During the hot summers, breweries bring out their summer seasonals. But not all beers suitable for summer are actually summer seasonals -- some are year-round beers.
As the seasons change, so do beers.
For the winter, dark and heavy beers abound on the shelves, while fall has the rich Oktoberfest lagers and pumpkin beers to try.
And during the hot summers, breweries bring out their summer seasonals. Unfortunately, with many breweries, they are boring, uninspired, unoriginal American wheat ales.
American wheat ales aren't terrible beers, some are actually pretty good, but they really pale in comparison to their inspirations, German hefeweizens and Belgian witbiers.
However, there are plenty of other options. Not all beers suitable for summer are actually summer seasonals -- some are year-round beers.
Here's a list of the top 10 beers you should try this summer.
1. Weihenstephan Hefeweissbier (Germany)
This German wheat beer, or hefeweizen, is the perfect summer beer. It's crisp, refreshing and oh so drinkable. It has hints of banana, cloves and lemon in the taste, and it actually has a dry finish. It's one of the best beers in the world. This goes great with a nice summery salad, or even a fruit salad.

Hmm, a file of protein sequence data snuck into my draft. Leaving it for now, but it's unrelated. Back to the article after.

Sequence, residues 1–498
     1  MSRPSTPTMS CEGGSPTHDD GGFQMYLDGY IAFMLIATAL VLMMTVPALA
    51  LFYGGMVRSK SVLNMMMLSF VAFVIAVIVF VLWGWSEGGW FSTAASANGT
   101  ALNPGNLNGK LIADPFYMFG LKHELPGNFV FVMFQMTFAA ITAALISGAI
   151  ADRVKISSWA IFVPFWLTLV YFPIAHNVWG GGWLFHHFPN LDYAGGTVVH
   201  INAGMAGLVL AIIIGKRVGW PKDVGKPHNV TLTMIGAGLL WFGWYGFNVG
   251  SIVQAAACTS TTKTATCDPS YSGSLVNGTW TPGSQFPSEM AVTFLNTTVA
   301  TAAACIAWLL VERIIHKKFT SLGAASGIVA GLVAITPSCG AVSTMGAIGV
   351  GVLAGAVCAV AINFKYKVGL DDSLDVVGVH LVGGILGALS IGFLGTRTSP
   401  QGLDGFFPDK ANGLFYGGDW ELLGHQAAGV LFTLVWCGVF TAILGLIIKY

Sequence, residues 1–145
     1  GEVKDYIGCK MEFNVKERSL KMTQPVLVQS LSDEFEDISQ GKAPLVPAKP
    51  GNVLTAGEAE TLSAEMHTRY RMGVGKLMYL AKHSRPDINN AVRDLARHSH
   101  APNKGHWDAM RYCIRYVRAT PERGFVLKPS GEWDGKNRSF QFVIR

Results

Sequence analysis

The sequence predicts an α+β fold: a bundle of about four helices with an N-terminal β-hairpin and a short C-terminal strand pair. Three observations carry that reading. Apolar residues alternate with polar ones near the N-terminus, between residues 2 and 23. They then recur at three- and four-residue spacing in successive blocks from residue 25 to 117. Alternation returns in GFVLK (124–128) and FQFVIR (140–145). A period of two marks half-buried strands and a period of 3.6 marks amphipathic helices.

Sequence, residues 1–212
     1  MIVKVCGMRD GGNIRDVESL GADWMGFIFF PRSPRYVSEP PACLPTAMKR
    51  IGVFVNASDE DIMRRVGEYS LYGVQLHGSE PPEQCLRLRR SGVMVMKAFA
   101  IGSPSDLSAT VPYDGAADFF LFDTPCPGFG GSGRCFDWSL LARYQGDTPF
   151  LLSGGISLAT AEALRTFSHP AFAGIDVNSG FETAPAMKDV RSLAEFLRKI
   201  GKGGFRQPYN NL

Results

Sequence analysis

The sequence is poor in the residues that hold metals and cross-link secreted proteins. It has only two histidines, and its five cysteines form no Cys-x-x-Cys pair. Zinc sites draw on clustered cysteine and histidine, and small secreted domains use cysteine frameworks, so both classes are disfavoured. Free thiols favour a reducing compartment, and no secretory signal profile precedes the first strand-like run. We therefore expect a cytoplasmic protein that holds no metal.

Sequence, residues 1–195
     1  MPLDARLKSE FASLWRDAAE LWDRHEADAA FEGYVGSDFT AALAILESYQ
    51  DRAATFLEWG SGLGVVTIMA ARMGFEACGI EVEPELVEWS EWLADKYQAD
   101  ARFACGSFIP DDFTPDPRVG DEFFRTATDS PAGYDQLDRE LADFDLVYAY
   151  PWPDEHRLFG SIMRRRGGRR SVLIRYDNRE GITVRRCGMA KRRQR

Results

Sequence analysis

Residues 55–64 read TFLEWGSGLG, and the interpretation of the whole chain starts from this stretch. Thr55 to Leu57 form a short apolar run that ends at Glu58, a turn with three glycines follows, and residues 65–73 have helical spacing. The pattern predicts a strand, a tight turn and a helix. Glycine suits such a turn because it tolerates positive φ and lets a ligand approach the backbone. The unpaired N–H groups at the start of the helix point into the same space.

If not this, then try these: Sierra Nevada's Kellerweiss Hefeweizen, Paulaner Hefeweissbier, Hacker-Pschorr Hefeweiss.
2. Dogfish Head's Festina Peche (Delaware)
Festina Peche is an American take on a relatively obscure (at least in the U.S.) German style -- the Berliner weissebier. Berliner weissbiers are tart and refreshing. They are often flavored with woodruff syrup, a popular Germany flavoring made from a plant, to take the bite out of them, although I prefer it without the syrup.
The Festina Peche is actually brewed with peaches, which takes the edge off the tartness. It is amazingly refreshing and incredibly drinkable. This is a beer that I have to slow down and savor so I don't drink it in one big gulp.
If not this, then try this: the Bruery's Hottenroth Berliner Weiss.